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Notable News July 2020

It seems like everyone is talking about the Broadway musical Hamilton this month, so let’s take a cue from A.Ham himself and rise up because sitting is proving, yet again, to not be so good for us. Also, not good yet again? Covid-19. It’s especially not good for people with cancer. What is good? Advances in cancer treatment and a blood test that delivers super early cancer detection.

PanSeer

PanSeer is a non-invasive blood test that can detect five types of cancer up to four years earlier than current methods of diagnosis, reports theguardian.com. The blood test is not a cancer predictor, but instead is finding cancers before they cause symptoms or are detected through other screening methods. The test is not able to indicate the type of cancer a patient has, but, with further research, shows promise for early, non-invasive diagnosis. You can learn more here and here.

Photodynamic Therapies

Also showing promise is research regarding skin cancer treatments that could be used to treat other types of cancer, reports medicalxpress.com. Photodynamic therapies (PDT) which use light to treat skin cancers by destroying cancerous and precancerous cells could possibly be used to treat other types of cancers thanks to the development of silica nanocapsules that can be used to convert near-infrared light to visible light. Right now, PDT only works if the tumors are on or under the skin because it works with visible light to activate medications that are injected into unhealthy tissue. However, since near-infrared light can get deeper into the tissues and then be converted into visible light by the silica nanocapsules, the treatment becomes more versatile. Learn more about the process here.

Good Diet Improves Treatment

Speaking of versatile, changing your diet could really help during breast cancer treatment, says cancernetwork.com. Recently reported study findings show that a fasting mimicking diet is safe and effective during chemotherapy in women with early breast cancer. The diet appears to have a positive effect on how well the cancer treatment works, and also reduces the side effects caused by the treatment. Basically, the research found that when fasting, there were less nutrients and insulin for the healthy cells to address, indicating the body should conserve energy and put healthy cells into maintenance mode. Chemotherapy targets rapidly dividing cells, so instead of attacking the less-active healthy cells, it would easily find the malignant cells which don’t pick up on body signals and continue to divide despite the fast. Fasting mimicking diets are low-calorie, low-protein, low-carbohydrate, high-fat diet plans that trick your body into thinking it is fasting. You can learn more about fasting mimicking diets and breast cancer treatments here and here.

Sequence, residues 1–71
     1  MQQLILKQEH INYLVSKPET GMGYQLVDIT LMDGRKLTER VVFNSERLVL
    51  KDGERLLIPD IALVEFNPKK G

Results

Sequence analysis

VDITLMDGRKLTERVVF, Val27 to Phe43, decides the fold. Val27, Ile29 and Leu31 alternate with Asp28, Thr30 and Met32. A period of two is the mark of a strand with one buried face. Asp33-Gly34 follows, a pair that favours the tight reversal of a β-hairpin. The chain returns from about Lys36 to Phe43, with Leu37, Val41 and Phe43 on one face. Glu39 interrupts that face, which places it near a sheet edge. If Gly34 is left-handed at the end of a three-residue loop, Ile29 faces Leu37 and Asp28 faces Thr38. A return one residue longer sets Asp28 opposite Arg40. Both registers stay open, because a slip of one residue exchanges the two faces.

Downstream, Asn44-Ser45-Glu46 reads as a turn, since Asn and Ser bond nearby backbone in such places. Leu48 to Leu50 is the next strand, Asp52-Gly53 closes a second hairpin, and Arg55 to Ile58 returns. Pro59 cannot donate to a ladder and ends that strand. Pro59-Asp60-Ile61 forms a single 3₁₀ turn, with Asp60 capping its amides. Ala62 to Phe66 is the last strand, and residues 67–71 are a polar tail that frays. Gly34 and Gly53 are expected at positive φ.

Cancer and COVID-19

The sooner we can get a treatment for Covid-19, the better, but in the meantime, cancer patients need to be especially diligent about avoiding the virus. The longer you have had cancer, the higher your risk of a severe Covid-19 infection, says technologynetworks.com. Research has found that people who were diagnosed with cancer 2 years or more ago are more likely to have a severe Covid-19 infection. While there are not a lot of studies regarding cancer patients and Covid-19, one study of 156 cancer patients with confirmed Covid-19 infection showed that 22 percent of the patients died from the infection, and those who had been diagnosed two years or more prior to infection were at a higher risk of dying. Symptoms of Covid-19 can mimic cancer symptoms or the affects of cancer treatments, so it can be hard to diagnose Covid-19 in cancer patients, which could result in more severe infections or higher death rates. Learn more about the study here.

Activity Decreases Cancer Risk

Avoiding exposure to the coronavirus may keep some of us out of the gym, but we still need to get moving, otherwise we increase our risk of dying from cancer, reports medicalnewstoday.com. In a study where patient activity level was tracked through hip monitors, researchers found that the amount of time people are sedentary puts them at a higher risk for dying from cancer. Researchers also found that being physically active for 30 minutes a day decreased the risk of dying from cancer. Vigorous exercise decreased the risk 31 percent and light exercise decreased the risk 8 percent. The increased activity doesn’t have to be all at once, either. It can be as simple as standing for five minutes every hour while you are at work. Instead of thinking you must get out there and exercise for thirty minutes at a time, think, ‘sit less, move more,’ throughout your day. Find more information here.

June 2020 Notable News

It’s officially summer so grab a cup of coffee and soak up some vitamin D because this month we learn that both of those things can help prevent cancer. We also learn about the recall of a popular drug and the approval of some others. In addition, there’s a new blood test to diagnose liver cancer and some tips on how to recognize skin cancer. Finally, research shows that COVID-19 remains a very real threat, especially for cancer patients.

Vitamin D and Coffee Benefits

With so much going on, your vitamin D status may not be on your mind, but you might want to give it some thought, reports sciencedaily.com. It turns out that a good vitamin D status is good for cancer prevention and prognosis, especially for colon and blood cancers like leukemia and lymphoma. Conversely, a low vitamin D status often correlates with higher incidence of cancer and lower survival rates. You can learn more about vitamin D and cancer here.